To me, whip cracking brings to mind images of ruddy cowboys riding the range, the "snap!" of their trusty lanyards echoing through the night as they charge toward Tombstone, where sassy saloon girls wait with whiskey. Or maybe I've seen too many spaghetti westerns -- because, cliches aside, you certainly don't have to be a cowpoke (or Catwoman, or a devotee of Devo) to crack that whip. The appeal? For some, it's a chance for showmanship (try snuffing candles or popping a succession of balloons filled with colored talcum powder); for others . . . well, that's their business. But a growing group sees the sport as a family-friendly adrenaline rush. "To hold an unassuming length of braided leather and watch it produce such an unexpected boom is awe-inspiring," says Todd Beveridge, 36, of the Maryland Whip Enthusiasts. Here's how you can whip it good.
What to Expect: The sport may seem unusual, but whip cracking was once very much a part of daily ranching life; it likely began as a way for range rovers to pass the time on cattle drives. There are four basic sport-cracking whips (bullwhips, stock whips, snake whips and signal whips), ranging in length from 4 to 25 feet, but they all have the same essential components: the handle, the "thong" and the "fall" (the two leather pieces that make up the body), and the "popper" (the frayed endpiece that makes the noise). Whips can be made from nylon, but the best are fashioned from extra-sturdy kangaroo hide (marsupial lovers, beware).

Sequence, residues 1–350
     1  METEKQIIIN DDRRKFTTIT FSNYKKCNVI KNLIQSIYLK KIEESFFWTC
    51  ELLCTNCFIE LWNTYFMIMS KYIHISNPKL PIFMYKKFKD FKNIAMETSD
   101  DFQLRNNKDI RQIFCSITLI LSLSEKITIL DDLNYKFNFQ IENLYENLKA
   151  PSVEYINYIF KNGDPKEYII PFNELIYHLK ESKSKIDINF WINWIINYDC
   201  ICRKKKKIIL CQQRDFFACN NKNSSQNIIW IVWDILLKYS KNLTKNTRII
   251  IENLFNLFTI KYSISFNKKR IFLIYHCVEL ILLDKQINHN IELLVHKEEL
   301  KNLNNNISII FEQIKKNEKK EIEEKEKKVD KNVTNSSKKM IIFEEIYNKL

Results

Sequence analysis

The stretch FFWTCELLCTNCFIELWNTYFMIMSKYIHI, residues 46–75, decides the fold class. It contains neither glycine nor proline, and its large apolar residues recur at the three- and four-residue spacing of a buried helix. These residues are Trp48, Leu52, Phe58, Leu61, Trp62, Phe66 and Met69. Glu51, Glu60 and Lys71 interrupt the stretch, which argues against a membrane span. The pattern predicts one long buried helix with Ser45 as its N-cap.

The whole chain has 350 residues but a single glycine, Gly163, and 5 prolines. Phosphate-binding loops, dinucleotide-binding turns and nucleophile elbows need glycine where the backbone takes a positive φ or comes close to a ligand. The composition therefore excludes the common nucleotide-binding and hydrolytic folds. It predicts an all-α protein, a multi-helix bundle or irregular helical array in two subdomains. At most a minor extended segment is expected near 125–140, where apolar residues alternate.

Hai-ya! The sight of the dashing Lash La Rue (in 1950's "King of the Bullwhip") gets us itchin' to get whippin'.
(20th Century Fox/photofest)
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If you can wave at someone, you can crack a whip. There are basic movements and safety tips to learn, but beginners should be able to crack a whip overhead or "circus style" (in a vertical plane alongside the body) within minutes. The main thing you'll have to get over? Fear. You'll probably flay yourself from time to time -- even instructors suffer an occasional welt -- so at least one lesson will help newbies feel safer.
What to Bring: Aside from the whip, you'll want sunglasses or goggles to protect your eyes. Gloves, jeans and long-sleeved shirts are also important -- the popper moves at over 700 mph, so keeping covered will help prevent injury.
Cost: The Maryland Whip Enthusiasts give free intro lessons; this Saturday, Beveridge is teaching a seminar in Bowie's Allen Pond Park from noon to 4 p.m. He'll provide a whip for a lesson, but you can also buy one on eBay for less than $100. If you want the best ($500 or more), try American whipmaker David Morgan (www.davidmorgan.com), Australia's Mike Murphy (www.murphywhips.com) or "The Whip Man," New Zealand's Peter Jack (www.thewhipman.co.nz). Laura Boswell
Bullwhip Home Page. www.bullwhip.org. A comprehensive guide to all things whip (a FAQ, video clips, a whip-care guide and more), compiled by Andrew Conway, author of "The Bullwhip Book" and a whip-handling teacher at the San Francisco School of Circus Arts.
Maryland Whip Enthusiasts. www.geocities.com/marylandwhipenthusiasts. E-mail Todd Beveridge at firstname.lastname@example.org. This family-friendly club offers lessons and a forum for area residents interested in whip cracking. You'll find message boards, a directory of whipmakers and links to international whip-enthusiast sites.
Wild West Arts Club. www.wwac.com. This Las Vegas-based group, which holds conventions around the country, performs and trains in whip cracking, roping, riding, gun spinning and other old-timey arts. Whip coach Alex Green has consulted on flicks including Jackie Chan's "Shanghai Noon."